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NEW DELHI: It is becoming increasingly difficult to make predictions about COVID-19 as the number of cases continues to rise across regions, the government and scientists said as India entered Unlock 2.0 on Wednesday.

The pandemic curve has been contained to some extent and is beginning to flatten following the 70-day stringent lockdown imposed on 25 March, but policymakers are wary of the subsequent rise in cases.

States such as Kerala were successful in bringing down the case count during the lockdown, but the relaxation in restrictions led to a second wave.

The situation is such that any prediction of the COVID-19 pandemic may be misleading, public health experts said.

“The infection was imported and located in urban areas with a concentration in metros in the first two months, but has now moved to peripheral districts and small cities. This movement has given the impression that cases are decreasing in some areas, while in others there is a surge in cases. However, this is about the movement of infections and population," said Dr. Jugal Kishore, professor, and head, department of community medicine, Safdarjung Hospital.

Delhi has the highest caseload among cities with more than 87,000 cases. “We have increased testing in Delhi. Initially, on testing 100 people, around 31 were found to be positive and today only 13 out of 100 people were found to be positive. These things show that the situation is under control and is not as terrible as it was one month back. However, we have to be cautious," said chief minister Arvind Kejriwal.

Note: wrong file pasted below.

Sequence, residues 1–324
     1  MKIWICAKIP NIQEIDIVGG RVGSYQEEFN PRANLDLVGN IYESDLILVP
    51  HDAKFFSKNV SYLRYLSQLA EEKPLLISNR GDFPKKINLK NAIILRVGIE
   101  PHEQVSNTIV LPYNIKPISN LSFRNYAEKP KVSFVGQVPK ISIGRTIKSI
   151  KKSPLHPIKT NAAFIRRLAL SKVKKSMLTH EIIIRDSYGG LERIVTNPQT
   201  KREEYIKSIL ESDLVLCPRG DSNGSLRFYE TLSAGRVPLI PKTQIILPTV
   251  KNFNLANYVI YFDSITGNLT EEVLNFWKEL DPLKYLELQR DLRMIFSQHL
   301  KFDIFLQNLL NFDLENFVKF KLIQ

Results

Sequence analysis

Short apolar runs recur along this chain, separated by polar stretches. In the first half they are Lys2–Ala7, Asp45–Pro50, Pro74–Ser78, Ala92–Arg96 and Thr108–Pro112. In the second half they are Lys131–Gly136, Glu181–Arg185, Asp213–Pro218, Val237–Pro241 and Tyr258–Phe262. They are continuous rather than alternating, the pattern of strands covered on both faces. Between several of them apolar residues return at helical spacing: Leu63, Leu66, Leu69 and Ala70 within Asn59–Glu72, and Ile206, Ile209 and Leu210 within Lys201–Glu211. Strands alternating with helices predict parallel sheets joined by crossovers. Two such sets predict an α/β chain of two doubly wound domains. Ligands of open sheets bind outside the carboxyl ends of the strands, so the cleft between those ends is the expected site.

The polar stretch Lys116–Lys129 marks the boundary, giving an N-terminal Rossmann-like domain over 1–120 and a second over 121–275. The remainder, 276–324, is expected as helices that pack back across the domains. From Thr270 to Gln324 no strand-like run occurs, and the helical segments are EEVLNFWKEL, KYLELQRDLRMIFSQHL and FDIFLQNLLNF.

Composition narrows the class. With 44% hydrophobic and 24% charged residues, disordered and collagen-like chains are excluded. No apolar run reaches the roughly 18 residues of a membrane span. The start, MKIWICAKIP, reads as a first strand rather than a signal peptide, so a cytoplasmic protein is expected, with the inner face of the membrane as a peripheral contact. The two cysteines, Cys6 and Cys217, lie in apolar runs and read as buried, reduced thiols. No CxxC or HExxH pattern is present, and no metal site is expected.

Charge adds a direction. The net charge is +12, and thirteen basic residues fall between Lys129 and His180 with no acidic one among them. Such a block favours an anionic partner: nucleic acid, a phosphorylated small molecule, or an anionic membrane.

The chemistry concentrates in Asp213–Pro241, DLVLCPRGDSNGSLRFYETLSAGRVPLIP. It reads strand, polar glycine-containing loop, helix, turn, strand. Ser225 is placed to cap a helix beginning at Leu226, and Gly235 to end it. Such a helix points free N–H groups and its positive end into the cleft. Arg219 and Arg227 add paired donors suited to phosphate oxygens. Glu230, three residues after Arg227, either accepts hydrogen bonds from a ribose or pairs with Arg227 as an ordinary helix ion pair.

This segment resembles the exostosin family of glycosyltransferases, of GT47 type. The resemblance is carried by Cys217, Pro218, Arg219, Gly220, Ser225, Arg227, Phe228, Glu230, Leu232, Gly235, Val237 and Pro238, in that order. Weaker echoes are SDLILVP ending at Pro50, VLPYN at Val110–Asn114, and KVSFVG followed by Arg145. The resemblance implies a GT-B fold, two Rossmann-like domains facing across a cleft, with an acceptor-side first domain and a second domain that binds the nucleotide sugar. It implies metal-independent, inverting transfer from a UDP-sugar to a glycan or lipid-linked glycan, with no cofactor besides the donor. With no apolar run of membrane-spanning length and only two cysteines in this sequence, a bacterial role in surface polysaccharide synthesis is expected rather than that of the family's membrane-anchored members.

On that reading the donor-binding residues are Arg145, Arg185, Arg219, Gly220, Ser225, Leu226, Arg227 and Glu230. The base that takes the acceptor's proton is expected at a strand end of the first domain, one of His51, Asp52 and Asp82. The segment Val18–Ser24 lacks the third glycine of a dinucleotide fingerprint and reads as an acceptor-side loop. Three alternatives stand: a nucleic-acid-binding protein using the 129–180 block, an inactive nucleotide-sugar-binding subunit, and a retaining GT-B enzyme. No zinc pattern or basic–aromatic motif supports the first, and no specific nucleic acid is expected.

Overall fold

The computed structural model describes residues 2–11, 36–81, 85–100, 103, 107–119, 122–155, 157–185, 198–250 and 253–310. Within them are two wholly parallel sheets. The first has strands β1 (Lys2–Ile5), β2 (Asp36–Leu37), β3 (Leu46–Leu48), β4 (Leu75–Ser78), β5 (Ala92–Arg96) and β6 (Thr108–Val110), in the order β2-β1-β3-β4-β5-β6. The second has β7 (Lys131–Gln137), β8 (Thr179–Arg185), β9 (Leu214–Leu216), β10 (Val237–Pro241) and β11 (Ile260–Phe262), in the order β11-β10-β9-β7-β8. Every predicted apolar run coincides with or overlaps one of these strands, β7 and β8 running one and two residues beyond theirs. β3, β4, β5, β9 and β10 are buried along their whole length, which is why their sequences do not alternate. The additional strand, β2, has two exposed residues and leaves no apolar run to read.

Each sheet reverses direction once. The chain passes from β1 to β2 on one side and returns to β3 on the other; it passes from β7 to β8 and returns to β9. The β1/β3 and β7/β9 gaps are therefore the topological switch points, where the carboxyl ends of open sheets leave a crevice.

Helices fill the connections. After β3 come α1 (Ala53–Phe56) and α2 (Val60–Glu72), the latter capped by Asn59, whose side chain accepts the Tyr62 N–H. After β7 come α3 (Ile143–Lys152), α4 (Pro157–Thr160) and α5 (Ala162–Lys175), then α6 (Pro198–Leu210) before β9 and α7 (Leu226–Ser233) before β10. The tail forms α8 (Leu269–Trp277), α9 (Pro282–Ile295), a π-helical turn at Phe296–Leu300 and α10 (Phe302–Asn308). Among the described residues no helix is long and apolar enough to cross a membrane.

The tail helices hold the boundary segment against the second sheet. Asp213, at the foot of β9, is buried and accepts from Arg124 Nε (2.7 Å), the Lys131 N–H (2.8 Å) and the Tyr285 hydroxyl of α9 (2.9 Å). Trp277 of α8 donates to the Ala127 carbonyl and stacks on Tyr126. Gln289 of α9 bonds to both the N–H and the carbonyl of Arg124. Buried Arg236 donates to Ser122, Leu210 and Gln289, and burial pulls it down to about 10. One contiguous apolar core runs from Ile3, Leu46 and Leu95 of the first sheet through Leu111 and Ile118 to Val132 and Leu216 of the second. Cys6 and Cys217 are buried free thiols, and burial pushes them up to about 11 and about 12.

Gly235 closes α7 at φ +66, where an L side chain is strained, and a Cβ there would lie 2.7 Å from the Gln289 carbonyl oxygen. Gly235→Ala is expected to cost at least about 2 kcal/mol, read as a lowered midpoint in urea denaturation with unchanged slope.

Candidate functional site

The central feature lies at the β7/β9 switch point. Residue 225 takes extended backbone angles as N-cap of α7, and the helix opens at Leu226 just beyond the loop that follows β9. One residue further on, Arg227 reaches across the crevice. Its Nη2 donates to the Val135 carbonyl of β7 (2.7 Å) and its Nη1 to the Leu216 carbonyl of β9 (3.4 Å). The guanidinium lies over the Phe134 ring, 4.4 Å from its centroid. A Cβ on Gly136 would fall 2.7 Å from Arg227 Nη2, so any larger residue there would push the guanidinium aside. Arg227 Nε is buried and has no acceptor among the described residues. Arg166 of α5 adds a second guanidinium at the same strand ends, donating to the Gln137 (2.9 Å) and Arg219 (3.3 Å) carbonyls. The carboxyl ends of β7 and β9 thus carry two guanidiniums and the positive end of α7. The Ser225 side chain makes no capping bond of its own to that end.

Over the past week, Delhi has been reporting more than 2,000 cases daily. “Delhi’s fixed population is showing less cases for 3-4 days, but new cases will continue because a large number of the Delhi population is floating," said Kishore.

Karnataka has also seen a sharp rise in covid-19 cases since it opened its borders. However, the number of local infections has also risen in the past two weeks, indicating the possibility of community spread. The number of cases in Bengaluru has risen sharply, fuelling fears of yet another lockdown in the state’s capital.

Karnataka has already breached the 15,000 covid-19 cases mark ahead of projections and is now estimated to have at least 25,000 cases by mid-August. The state government has asked doctors to be mentally prepared to continue the fight for another six months.

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